Friday, August 13, 2010

A Look At The Co-op Redistricting Plan

By John Severance

The task is to divide the Socorro Electric Cooperative’s 11,400-square mile coverage area into five equal districts.
“It’s not as easy as you might think,” said Donald Wolberg, who headed the board of trustees’ survey committee.
Wolberg was going to present his plan last month, but the meeting never got the past the pledge of allegiance because of disagreements over the Open Meetings Act and the presence of a camera recorder in the room.
The co-op trustees took on the task because it wanted to save money. A professional survey company would have cost upwards of $200,000, general manager Polo Pineda said.
The coverage area is bigger than nine states including Hawaii, Vermont, Massachusetts, New Hampshire, New Jersey, Connecticut, Delaware, Rhode Island and the District Columbia.
“It’s about the size of Maryland,” Wolberg said. “Plus there is 3,500 miles of line and more than 40,000 poles.”
There are approximately 10,000 members and districts have to be divided into five equal ones of 2,000 each.
The plan calls for Socorro to be split into two districts. Wolberg said the tentative boundary would be Otero Road and School of Mines.
Wolberg said District 1 would include northern Socorro County and a southern section of Valencia County. District 2 would be the northern part of Socorro up to San Acacia. District 3 would be southern Socorro and south. District 4 would include San Antonio, and also Magdalena and Alamo. District 5 would be everything west of Magdalena to the Arizona border.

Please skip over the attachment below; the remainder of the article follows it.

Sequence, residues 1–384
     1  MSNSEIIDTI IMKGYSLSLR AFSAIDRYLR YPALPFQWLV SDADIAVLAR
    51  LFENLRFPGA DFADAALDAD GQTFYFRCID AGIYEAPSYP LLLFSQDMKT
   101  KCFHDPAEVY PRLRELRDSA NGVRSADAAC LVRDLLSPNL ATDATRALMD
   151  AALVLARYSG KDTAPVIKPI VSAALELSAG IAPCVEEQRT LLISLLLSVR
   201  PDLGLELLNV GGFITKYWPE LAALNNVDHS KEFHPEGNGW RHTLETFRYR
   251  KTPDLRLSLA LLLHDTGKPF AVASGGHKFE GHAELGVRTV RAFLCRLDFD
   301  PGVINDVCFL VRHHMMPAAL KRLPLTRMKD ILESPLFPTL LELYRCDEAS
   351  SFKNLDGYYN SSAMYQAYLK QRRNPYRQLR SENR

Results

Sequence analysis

The plan takes into consideration adding 440 people to District 1, 1,285 to District 2 and 1,355 to District 4 while subtracting 2,175 from District 3 and 690 from District 5.
Wolberg said the task was tough because the committee also consisting of trustees Leroy Anaya, Leo Cordova, Dave Wade, Jack Bruton and Paul Bustamante had other factors to consider.
“What do we do with ranches that are owned by one person but have several meters on the property?” Wolberg said. “The same can be said for business owners, state entities, federal entities, city entities, Department of Defense entities. There may be a legal issue with members and media. Right now, it based on members.”
Wolberg also said he is looking for more input from members.
“This is just one scenario,” Wolberg said. “We are open to all suggestions from members. The membership also is going to have to vote on it.”
The subject came up again at the July 28 meeting and trustee Charlie Wagner voiced his opposition, saying it violated Article 5, Section 2 of the co-op bylaws.
“If we don’t obey the bylaws, it would subject us all to dismissal,” Wagner said.
Wagner said the board has to appoint a survey committee of members who are not interested in running as a trustee so there would be no conflict of interest. “We should also consult with a consultant,” he said.
Wolberg said, “This didn’t cost anybody anything.”
Meanwhile, the maps of the redistricting plan have been hanging in an office at the co-op building for the past two months.

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